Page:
1. Some report they’re thriving in spite of being isolated, and I believe them. (Thriving in isolation has a short shelf-life however).
  2. Some say they’re thriving in spite of being isolated, and I don’t believe them. They’re in denial . . . struggling but afraid to admit it.
  3. Some are telling me they’re hurting due to isolation, but they say things like: “Others have it worse than I do, so I have nothing to complain about.” While I appreciate the sentiment, the loss of personal contact is a loss. Ignoring loss doesn’t help, it just kicks the can down the road. You’ll deal with loss now, or deal with it later. Better to address it in the moment.
  4. Some admit they’re really feeling blue and struggling because of isolation. That’s to be expected. We were built by God for friendship. I’m an introvert – but that doesn’t mean I don’t need interaction with people. It’s just that I’m selective about who those people are. I see extroverts struggling—but we introverts are struggling too.

If you’re burned out or genuinely dealing with depression, get help now. Reach out to your doctor, a counselor, a mentor and safe, loving friends. You always need a relational network in order to thrive . . . but when you’re emotionally exhausted, that network becomes even more critical.

Behavior 3: Recalibrate Your Pace

As we slowly emerge out of quarantine, the pre-quarantine pace will likely try to reassert itself. I encourage you to not cave into that subterranean pressure.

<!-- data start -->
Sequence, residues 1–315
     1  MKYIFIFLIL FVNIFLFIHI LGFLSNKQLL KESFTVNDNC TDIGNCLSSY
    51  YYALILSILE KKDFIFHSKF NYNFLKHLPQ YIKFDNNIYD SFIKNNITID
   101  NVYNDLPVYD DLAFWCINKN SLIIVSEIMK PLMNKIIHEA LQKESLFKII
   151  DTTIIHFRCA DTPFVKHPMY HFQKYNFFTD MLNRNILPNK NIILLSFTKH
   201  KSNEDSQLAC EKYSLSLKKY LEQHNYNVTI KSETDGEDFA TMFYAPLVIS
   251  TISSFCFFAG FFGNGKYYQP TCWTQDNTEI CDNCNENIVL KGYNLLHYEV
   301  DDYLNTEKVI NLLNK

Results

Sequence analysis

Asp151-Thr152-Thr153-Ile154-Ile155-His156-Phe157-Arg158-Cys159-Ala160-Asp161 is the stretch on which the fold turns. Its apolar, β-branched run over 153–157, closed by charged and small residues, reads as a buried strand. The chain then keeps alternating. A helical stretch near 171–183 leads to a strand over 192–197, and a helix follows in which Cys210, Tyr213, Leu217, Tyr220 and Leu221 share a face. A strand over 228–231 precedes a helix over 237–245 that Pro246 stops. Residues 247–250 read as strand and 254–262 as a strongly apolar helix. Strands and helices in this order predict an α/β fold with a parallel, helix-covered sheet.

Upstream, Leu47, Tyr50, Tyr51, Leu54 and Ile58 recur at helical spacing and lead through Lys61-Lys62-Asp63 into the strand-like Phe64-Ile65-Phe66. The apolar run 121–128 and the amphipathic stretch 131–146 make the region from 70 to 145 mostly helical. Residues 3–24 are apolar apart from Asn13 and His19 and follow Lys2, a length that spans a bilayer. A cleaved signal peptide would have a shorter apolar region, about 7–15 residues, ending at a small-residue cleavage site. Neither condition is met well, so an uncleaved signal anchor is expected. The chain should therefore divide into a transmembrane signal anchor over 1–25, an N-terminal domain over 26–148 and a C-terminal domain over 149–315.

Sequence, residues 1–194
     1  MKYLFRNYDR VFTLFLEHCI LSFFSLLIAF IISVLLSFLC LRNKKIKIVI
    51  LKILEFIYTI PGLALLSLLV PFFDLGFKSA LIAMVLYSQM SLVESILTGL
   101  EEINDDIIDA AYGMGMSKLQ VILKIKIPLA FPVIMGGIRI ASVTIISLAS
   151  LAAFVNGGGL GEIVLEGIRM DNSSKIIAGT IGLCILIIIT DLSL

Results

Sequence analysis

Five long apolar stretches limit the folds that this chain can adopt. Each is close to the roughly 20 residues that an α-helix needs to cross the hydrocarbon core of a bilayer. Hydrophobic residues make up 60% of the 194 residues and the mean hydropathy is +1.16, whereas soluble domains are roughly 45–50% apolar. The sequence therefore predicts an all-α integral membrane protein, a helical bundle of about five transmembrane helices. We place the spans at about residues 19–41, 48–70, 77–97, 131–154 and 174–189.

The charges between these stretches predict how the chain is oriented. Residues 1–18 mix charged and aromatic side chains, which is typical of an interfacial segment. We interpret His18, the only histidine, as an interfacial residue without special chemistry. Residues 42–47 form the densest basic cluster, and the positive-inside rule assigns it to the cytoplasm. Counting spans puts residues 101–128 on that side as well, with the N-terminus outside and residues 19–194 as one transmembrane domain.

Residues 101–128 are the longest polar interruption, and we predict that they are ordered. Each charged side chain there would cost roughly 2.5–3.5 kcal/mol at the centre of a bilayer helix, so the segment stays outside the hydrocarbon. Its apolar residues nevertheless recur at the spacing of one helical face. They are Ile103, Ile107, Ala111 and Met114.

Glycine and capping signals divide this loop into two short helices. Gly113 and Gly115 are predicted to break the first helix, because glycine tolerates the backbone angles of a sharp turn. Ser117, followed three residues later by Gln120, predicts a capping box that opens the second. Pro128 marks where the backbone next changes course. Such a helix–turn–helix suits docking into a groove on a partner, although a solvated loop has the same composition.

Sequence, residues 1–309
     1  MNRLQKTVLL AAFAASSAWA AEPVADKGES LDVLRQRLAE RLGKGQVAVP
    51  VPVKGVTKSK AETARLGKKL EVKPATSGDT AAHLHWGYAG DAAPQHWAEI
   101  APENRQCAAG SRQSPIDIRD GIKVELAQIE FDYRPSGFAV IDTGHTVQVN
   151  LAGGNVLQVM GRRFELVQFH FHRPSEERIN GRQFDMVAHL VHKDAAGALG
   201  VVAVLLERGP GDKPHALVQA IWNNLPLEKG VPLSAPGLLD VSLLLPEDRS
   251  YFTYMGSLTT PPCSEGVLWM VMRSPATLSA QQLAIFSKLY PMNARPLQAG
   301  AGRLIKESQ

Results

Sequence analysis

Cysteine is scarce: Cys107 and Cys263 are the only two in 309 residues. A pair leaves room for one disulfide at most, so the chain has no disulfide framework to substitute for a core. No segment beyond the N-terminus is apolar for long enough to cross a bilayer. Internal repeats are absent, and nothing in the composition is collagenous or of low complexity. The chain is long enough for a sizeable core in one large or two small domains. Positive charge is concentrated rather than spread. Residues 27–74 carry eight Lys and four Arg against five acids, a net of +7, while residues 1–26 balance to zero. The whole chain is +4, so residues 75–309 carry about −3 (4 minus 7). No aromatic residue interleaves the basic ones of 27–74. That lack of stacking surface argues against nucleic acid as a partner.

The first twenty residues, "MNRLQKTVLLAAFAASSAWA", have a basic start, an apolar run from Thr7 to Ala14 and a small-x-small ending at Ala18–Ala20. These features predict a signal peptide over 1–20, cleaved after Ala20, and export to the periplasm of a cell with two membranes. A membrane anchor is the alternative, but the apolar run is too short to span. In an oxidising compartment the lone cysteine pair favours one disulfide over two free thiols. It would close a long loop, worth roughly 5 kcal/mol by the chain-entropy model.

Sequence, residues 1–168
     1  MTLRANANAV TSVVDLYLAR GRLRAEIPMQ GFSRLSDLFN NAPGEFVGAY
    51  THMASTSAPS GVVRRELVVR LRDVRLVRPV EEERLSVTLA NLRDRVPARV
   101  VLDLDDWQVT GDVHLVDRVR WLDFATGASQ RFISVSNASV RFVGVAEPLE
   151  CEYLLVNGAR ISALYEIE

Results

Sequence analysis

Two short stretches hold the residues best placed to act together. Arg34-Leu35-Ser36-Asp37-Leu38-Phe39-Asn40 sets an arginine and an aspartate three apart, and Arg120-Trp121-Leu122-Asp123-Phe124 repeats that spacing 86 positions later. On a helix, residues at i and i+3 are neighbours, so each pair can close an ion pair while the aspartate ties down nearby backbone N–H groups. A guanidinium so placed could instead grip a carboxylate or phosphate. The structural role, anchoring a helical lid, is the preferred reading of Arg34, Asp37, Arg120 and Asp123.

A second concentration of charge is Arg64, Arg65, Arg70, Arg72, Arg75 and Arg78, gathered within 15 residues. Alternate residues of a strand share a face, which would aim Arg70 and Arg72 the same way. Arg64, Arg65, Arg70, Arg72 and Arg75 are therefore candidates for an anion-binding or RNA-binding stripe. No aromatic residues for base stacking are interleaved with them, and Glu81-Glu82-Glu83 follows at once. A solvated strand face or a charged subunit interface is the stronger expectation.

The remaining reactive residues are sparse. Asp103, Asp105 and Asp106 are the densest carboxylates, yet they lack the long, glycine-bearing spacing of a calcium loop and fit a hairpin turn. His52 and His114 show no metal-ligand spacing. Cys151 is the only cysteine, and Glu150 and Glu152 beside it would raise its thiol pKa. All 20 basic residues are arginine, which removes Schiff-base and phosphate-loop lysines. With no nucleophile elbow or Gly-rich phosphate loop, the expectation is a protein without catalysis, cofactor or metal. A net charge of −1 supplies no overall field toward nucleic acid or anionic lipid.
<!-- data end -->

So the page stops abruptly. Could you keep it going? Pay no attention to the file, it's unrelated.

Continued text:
For me, fear is often the accelerator of my pace. Fear of failure, fear of not having enough, fear of what other people’s opinion of my work ethic is, fear that the organization will get away from me if I don’t run at 120 mph with my hair on fire. even fear of what I’ll discover about myself if I slow down.

One of the best ways to recalibrate your pace? Embrace Jesus’ yoke and throw away the one you put on yourself . . . or the yoke others try to put on you. Jesus invites us in Matthew 11:28-30: “Come to me, all you who are weary and burdened, and I will give you rest. Take My yoke upon you and learn from Me, for I am gentle and humble in heart, and you will find rest for your souls.  For My yoke is easy and My burden is light.”

Ask Jesus to help you separate what He wants you to do, from what you put on yourself to do, or from what  you lead are putting on you to do. What is He asking you to do? Sorting through this helps to recalibrate your pace. To be sensible with your schedule.

Dig deeper. Renew relationships. Recalibrate your pace.

When the pressure seems overwhelming, and the prospect of quitting is tempting, try these three behaviors. I suspect over time, your energy, optimism, and sense of calling will return.

Rooting and praying for you,

John

John Opalewski

Author John Opalewski

John Opalewski is a graduate of Oral Roberts University. He served as a pastor for fifteen years. He has worked in the business world for nearly two decades, serving in multiple leadership roles. John's experience as a leader in both the church and business arenas has made him a sought-after international speaker, coach and mentor.